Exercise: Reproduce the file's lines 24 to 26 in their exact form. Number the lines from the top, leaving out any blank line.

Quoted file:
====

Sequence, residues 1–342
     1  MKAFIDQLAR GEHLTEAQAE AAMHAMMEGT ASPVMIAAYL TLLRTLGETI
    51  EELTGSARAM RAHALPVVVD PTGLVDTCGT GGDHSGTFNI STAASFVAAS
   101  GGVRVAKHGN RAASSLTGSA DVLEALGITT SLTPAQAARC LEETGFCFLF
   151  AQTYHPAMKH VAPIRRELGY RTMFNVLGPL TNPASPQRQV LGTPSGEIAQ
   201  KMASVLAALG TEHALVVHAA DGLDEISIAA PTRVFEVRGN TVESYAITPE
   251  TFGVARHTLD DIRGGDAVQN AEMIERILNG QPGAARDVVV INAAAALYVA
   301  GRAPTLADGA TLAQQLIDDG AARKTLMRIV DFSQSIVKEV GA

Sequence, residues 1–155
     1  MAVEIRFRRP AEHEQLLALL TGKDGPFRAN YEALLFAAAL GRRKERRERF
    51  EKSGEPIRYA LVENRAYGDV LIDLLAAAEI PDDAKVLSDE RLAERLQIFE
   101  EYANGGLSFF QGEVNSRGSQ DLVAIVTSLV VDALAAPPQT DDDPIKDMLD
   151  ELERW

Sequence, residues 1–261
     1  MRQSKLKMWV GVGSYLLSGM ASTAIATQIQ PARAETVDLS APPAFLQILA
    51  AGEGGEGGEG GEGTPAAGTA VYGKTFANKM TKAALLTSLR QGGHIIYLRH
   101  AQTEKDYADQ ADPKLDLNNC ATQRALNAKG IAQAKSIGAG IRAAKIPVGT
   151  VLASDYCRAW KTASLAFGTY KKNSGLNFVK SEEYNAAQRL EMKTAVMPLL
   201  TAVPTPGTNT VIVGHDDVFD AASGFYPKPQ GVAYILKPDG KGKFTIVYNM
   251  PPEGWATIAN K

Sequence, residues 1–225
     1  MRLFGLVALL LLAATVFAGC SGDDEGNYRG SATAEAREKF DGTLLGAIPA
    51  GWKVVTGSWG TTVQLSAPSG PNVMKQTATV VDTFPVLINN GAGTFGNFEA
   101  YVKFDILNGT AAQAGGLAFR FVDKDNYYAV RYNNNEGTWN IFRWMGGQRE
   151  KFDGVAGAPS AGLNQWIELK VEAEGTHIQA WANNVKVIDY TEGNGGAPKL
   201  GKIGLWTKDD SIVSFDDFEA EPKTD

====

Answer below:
   101  YVKFDILNGT AAQAGGLAFR FVDKDNYYAV RYNNNEGTWN IFRWMGGQRE
   151  KFDGVAGAPS AGLNQWIELK VEAEGTHIQA WANNVKVIDY TEGNGGAPKL
   201  GKIGLWTKDD SIVSFDDFEA EPKTD